Writing Workshops


See Also: Critical Thinking | iFalcon Study Skills | Grammar and English Language

All workshops are scheduled in LC173, located on the lower level of the LRC in the Success Center

NOTE: The workshops in this series are designed to be taken in sequence.

All workshops begin on the hour. No late entry is permitted.


Essay Essentials

1. Reasoning Essays: During this workshop, you will learn how to craft thesis statements and construct reasoned arguments.

  • None scheduled at this time

2. Organizing Essays: Deepening your understanding of thesis statements, you will learn how these can be further refined to forecast the most important points of -- and then outline the structure of -- your argument.

  • Monday, April 3rd (2:00- 3:00 pm)
  • Wednesday, April 12th (6:00 -7:00 pm)

3. Unifying Essays: Building upon the foundation of a strong thesis statement, you will learn to increase the coherence of your essay by writing unified paragraphs with topic sentences and supporting sentences that develop your central concepts.

  • None schedule at this time

4. Introducing and Concluding Essays: After mastering the thesis statement and developing it with unified body paragraphs, you will learn strategies for creating effective instroductions and conclusions to frame them.

  • Tuesday, April 4th (1:00-2:00 pm)
  • Tuesday, April 18th (1:00 - 2:00 pm)
  • Tuesday, May 2nd (10:00 - 11:00 am)

5. Revising, Editing and Proofreading Essays: Now that you've developed strategies for putting together the rough draft of your essay, you will learn the differences between-- as well as how to prioritize -- these three separate processes for polishing it.

  • None scheduled at this time

6: In-Class Essay Essentials: In this intensive workshop, you will learn strategies for improving your performance on in-class essays, including how to transform a prompt into the thesis statement for a reasoned argument and then refine that to forecast and organize your most important points.

  • None scheduled at this time

Starting Strategies

1. Reading the Prompt: In this workshop about the essential first step in the writing process, you will learn how to analyze your instructors' prompts to identify the tasks you are expected to perform and the topics you are expected to cover in an assignment.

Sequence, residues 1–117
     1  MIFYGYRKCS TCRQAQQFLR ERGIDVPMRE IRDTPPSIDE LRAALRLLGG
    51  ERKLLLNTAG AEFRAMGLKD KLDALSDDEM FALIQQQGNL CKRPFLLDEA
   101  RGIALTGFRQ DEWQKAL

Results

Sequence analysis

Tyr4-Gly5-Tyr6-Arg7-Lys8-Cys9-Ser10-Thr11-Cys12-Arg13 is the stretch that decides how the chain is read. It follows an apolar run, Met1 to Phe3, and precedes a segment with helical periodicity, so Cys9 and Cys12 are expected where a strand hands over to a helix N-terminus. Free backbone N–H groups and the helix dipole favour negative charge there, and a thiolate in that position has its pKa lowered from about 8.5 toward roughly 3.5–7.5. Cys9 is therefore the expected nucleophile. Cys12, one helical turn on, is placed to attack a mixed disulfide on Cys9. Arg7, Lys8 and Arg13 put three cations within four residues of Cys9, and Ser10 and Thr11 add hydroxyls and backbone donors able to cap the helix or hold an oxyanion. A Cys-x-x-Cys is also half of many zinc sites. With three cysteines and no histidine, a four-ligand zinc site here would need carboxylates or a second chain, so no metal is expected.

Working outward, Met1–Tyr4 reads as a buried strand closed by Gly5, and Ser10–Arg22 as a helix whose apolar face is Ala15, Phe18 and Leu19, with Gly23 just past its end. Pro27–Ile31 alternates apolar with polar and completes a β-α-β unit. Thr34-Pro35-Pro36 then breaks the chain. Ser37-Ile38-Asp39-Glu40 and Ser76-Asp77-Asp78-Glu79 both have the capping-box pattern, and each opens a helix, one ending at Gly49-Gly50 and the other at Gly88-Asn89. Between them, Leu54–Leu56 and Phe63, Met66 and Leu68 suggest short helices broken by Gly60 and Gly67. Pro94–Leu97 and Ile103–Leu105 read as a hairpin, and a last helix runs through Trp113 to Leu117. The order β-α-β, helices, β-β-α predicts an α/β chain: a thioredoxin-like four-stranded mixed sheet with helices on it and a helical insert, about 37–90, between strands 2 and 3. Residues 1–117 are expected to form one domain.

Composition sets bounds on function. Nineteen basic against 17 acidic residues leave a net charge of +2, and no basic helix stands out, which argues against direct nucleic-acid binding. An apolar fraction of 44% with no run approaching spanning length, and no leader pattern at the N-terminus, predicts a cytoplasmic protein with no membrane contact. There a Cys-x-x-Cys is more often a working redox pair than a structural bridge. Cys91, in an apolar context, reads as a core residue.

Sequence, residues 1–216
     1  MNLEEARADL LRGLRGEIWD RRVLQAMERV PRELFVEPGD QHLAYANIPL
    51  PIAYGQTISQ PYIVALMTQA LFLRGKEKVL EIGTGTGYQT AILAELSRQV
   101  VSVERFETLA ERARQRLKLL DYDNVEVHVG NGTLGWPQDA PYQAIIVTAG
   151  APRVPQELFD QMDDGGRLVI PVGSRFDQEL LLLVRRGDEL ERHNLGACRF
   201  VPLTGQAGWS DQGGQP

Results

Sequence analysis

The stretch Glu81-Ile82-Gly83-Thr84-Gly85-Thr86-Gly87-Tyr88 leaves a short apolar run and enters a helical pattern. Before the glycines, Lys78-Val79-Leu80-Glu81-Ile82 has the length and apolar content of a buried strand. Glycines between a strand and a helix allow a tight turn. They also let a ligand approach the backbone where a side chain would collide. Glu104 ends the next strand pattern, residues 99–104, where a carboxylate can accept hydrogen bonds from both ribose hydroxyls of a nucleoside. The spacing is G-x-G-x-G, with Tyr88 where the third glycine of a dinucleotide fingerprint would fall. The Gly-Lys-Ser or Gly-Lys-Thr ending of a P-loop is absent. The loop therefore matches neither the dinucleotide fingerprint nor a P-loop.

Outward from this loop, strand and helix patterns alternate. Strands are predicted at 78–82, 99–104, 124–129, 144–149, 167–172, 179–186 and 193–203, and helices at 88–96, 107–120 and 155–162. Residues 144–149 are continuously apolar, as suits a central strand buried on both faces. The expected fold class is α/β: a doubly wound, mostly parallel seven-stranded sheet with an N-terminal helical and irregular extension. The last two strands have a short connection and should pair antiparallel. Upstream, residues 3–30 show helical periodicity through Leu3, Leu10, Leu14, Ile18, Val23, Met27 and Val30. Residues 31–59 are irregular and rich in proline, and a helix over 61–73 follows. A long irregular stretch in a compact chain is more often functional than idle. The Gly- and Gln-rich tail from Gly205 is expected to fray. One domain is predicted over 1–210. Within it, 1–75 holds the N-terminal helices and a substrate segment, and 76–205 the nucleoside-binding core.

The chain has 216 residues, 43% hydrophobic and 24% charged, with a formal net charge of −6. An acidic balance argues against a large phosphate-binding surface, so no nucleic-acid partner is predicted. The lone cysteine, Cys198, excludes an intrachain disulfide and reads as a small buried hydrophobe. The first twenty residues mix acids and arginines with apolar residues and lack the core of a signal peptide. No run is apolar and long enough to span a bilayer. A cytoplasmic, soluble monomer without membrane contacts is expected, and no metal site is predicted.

• Monday, April 10th (2:00 - 3:00 pm)

2. Recognizing, and Writing with, Audience and Purpose in Mind: In an activity that does not address essays alone, you will learn how developing an understanding of who you are writing for, and why you are writing for them, can help you identify the appropriate diction, tone, and level of formality to employ.

  • Tuesday, April 11th (1:00 - 2:00 pm)
  • Tuesday, April 25th (1:00 - 2:00 pm)

3. Selecting Prewriting Strategies: You will learn multiple techniques for generating and organizing ideas for your essays.

  • Wednesday, April 5th (6:00 - 7:00 pm)
  • Wednesday, April 26th (6:00 - 7:00 pm)

4. Understanding the Writing Process/Dealing with Writer's Block: In this comprehensive activity, you will learn not only how to explore alternatives to the traditional linear approach to the composition process, but also how to separate the creative and critical aspects of that process in order to avoid writer's block.

  • Wednesday, April 19th (6:00 - 7:00 pm)
  • Tuesday, May 2nd (10:00 - 11:00 am)

Documentation Dos and Don'ts

1. Using Sources: Summarizing, Paraphrasing and Quoting: In addition to learning how to summarize, paraphrase, and quote the words of others, you will discuss which of these three techniques in most appropriate in common academic writing tasks.

  • Tuesday, April 11th (10:00 - 11:00 am)
  • Tuesday, April 25th (10:00 - 11:00 am)

2. Using MLA Documentation and Formatting: you will learn the basics of Modern Language Association style, which is often used by students of languages and literatures such as English, French, German or Spanish.

  • Tuesday, April 4th (10:00-11:00 am)
  • Tuesday, April 18th (10:00 - 11:00 am)

3. Using APA Documentation and Formatting: You will learn the basics of American Psychological Association style, which is often used by students of social sciences such as anthropology, economics, political science and psychology

  • None scheduled at this time